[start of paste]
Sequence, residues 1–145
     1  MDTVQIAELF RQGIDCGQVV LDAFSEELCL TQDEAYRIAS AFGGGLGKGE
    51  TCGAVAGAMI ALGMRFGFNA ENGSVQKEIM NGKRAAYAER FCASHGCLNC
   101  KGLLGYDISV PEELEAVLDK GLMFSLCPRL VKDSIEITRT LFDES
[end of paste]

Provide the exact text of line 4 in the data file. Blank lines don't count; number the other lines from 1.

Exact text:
   101  KGLLGYDISV PEELEAVLDK GLMFSLCPRL VKDSIEITRT LFDES